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Old 01-18-2008, 07:10 PM   #1
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Tough Ceiling Renovation. HELP!!


Dear Guys,

I am very experienced at performing and overseeing complicated home repairs, but this one has me totally baffled.

I recently bought a ranch style house, built in the early 1980s. At some point in early 1990, the prior owner added a large addition, apparently by himself. The ceiling was drywalled with 3/4 inch board, and then taped and smoothed. However, in the paint process, someone applied a "sponge" technique, putting on very heavy round swirls of paint (or plaster mix) with a sponge. Each of the swirls is a circular vortex, about 6 inches in diameter, and they were applied in an even grid-type pattern across the entire ceiling. Parts of the swirls are raised about 1/16th to 1/8th inch from the original smooth drywall. (I hate the swirl pattern, and wish it weren't there.)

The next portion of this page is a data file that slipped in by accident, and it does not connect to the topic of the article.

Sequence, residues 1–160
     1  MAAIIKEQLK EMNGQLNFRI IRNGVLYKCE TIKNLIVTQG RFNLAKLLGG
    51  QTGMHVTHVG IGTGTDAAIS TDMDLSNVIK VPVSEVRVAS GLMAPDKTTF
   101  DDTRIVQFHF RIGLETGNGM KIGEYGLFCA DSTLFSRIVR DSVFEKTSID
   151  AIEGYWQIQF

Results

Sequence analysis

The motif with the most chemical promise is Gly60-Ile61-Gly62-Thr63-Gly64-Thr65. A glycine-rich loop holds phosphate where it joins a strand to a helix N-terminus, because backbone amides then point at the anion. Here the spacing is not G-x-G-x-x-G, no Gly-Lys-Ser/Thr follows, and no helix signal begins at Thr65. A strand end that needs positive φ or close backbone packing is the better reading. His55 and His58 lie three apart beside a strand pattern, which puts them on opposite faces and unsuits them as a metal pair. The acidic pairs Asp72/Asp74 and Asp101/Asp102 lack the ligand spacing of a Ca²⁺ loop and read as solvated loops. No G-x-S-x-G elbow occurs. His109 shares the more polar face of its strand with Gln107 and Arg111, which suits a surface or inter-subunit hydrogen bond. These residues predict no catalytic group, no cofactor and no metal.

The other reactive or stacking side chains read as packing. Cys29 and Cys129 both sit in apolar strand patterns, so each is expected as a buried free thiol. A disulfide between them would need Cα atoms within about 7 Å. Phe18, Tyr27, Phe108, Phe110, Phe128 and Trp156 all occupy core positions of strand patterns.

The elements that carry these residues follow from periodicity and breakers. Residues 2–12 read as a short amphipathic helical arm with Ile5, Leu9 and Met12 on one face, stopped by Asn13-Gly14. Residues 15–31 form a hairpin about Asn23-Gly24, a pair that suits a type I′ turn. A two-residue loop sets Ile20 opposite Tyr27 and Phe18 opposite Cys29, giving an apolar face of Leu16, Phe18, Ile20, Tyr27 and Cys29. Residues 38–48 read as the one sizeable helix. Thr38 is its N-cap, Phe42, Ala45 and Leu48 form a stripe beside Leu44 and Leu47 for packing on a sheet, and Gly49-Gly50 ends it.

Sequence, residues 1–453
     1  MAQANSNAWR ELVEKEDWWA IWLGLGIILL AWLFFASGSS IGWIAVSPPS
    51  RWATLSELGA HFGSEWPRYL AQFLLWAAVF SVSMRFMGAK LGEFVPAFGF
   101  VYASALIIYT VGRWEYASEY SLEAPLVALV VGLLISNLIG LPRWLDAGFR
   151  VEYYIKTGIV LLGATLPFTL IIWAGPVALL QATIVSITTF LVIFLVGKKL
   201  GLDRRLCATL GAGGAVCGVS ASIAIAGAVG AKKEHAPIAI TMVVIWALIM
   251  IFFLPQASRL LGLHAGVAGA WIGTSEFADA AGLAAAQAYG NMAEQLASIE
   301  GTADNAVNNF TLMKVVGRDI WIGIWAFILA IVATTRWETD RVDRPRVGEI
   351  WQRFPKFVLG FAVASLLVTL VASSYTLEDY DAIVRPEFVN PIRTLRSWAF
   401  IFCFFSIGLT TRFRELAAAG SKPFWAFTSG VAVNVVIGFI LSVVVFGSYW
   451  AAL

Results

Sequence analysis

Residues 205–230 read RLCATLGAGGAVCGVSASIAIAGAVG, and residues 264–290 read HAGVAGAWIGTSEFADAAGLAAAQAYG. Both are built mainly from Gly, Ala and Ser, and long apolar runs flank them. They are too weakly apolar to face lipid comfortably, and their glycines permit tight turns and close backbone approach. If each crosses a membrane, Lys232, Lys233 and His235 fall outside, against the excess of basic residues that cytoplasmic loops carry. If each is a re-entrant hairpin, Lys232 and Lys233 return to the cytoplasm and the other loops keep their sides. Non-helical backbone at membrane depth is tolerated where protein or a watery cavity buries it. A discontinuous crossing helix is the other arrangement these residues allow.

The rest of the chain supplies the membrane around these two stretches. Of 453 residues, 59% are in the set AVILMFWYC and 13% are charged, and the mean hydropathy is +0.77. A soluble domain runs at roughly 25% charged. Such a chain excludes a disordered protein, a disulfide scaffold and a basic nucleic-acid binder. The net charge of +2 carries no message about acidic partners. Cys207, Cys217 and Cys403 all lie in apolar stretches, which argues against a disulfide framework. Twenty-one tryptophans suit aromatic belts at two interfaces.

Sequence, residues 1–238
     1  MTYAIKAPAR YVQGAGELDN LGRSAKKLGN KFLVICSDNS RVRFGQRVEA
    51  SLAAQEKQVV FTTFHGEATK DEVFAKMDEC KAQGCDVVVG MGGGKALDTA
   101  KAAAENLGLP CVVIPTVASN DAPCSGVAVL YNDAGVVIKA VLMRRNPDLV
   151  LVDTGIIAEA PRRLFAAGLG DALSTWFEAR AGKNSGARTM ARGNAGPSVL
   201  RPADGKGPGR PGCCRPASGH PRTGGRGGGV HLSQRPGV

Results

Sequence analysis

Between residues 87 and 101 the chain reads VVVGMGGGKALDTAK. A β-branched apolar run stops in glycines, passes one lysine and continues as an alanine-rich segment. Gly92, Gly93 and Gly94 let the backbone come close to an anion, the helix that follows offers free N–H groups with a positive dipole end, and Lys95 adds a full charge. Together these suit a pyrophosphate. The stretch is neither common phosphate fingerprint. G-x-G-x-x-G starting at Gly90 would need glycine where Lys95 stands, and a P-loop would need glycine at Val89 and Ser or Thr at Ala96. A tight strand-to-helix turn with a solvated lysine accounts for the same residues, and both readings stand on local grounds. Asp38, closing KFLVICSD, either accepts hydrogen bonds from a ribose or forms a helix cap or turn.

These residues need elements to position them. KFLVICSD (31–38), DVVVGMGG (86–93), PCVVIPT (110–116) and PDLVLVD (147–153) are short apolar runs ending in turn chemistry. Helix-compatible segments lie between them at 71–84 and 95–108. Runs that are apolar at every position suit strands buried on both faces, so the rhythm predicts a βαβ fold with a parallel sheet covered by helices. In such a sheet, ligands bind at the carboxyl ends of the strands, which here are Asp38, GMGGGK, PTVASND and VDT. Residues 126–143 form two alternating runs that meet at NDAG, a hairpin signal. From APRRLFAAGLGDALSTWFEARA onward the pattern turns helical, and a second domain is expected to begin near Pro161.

The ceiling is very large, about 380 square feet.

Now, 18 years later, probably as a result of the prior owner's do-it-yourself taping and mudding, all of the seams in the ceiling are peeling and falling down/out. In most places, the tape is cracked, with the edges very visible, and sometimes tape is hanging down and inch or two. (Of course, in each place where the seam has failed, portions of the swirl design have been destroyed.)